Late Friday night, after coming home from services, I sat in what used to be my younger brothers' bedroom reading. There are still toys of theirs and boxes of their stuff in the room. I read there for a while and then got up to find a more comfortable place to read. When I stood up, I felt something clamp around my foot, so I reached down and plucked off from my foot the top of a broken toy truck, the bed of which I'd stepped in.
I flopped down in the hallway outside the room and resumed reading. About a chapter later, absent mindedly running my hand over my foot, I felt with my hand a flap of skin hanging. I felt nothing on my foot.
Upon closer examination, I had a small cut on my heel, about a centimeter long, that had apparently bled quite a bit, with some swelling. I washed it and was relieved to feel some sting as I ran it under the hot water of the sink.
As I thought about it, I realized that:
Twelve years ago, when I was ten, I would have felt proud to not really feel the cut. My high tolerance from pain was a point of pride, particularly as the two brothers closest to my age both shrieked at the littlest things. Yes, my ten year old self would have strutted with pride.
Six years ago, when I was sixteen and had only recently gotten out of occupational therapy, I would have chalked up the lack of pain to sensory integration dysfunction. I was a mixture of proud and jealous of my sensory differences then, sometimes feeling secure in the knowledge that I was harder to hurt at one level, and other times afraid of all the things I was aware that my toddler brother could react to that I could not.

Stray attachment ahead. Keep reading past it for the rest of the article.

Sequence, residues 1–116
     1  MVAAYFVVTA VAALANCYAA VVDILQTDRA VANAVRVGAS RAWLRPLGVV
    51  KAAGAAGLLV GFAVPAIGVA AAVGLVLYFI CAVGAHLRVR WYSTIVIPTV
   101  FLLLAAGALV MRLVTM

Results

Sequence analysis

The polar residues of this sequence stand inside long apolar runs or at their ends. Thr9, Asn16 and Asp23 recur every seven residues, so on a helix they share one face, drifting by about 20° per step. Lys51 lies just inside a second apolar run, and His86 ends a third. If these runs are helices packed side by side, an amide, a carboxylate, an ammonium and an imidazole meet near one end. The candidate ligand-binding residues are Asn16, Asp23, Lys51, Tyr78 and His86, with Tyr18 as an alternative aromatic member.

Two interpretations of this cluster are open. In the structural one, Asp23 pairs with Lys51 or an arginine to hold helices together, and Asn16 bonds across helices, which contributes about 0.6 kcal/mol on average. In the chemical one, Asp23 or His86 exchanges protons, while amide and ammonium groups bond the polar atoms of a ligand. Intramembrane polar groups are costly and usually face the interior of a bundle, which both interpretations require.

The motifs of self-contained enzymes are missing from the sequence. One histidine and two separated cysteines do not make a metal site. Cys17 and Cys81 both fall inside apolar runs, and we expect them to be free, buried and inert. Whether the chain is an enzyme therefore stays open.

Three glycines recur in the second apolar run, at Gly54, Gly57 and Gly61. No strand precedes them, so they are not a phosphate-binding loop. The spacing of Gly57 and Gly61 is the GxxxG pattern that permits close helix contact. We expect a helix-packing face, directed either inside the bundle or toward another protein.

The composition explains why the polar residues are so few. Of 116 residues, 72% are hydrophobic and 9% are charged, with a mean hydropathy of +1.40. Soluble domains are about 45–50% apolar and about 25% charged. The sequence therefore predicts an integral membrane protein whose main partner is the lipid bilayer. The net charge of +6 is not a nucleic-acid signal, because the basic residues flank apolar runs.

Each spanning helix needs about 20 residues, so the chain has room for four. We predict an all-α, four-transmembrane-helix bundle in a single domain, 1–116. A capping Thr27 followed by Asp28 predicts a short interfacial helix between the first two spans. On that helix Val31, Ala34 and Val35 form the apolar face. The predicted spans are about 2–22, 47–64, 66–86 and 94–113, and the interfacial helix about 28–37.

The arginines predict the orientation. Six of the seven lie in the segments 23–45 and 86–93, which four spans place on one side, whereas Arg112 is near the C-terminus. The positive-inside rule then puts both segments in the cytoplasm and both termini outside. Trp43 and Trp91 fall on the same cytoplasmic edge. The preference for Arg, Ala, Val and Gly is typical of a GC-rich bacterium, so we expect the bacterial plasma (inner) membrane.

Now I am twenty two, over four years past diabetes diagnosis, and over a year past a neuropathy diagnosis. A wound on my foot that I cannot feel is a scary thing, although in a real sense it feels abstract. I see it- but I so much can't feel it that when I looked for it to describe when typing this, I looked first at the wrong foot. I don't know whether to chalk up my lack of feeling for the injury to neuropathy or not, to diabetes or not. I do know that I need to take care of it to prevent infection.
I've had an awful blood sugar day- bounce bounce bounce. I woke up to a graph that looked like I'd just fallen from 140 to LOW in the space of half an hour. It took about 50 minutes to come up and then I went up up up. And then down down down for an hour in the 40s. Unfortunately my brother's babysitter didn't show up so I ended up taking him out for the walk he'd anticipated having with her and I didn't wear the best foot gear and got my feet wet (oops).
I always figure that when you're bouncing up and down repeatedly the best thing to do is take it easy on corrections. Let the highs drop a little slower while you figure out what the heck is going on. So when I bounced up in the 200s about four hours ago I took only two units. And then waited and waited. And took two more units. And now I'm in the 300s.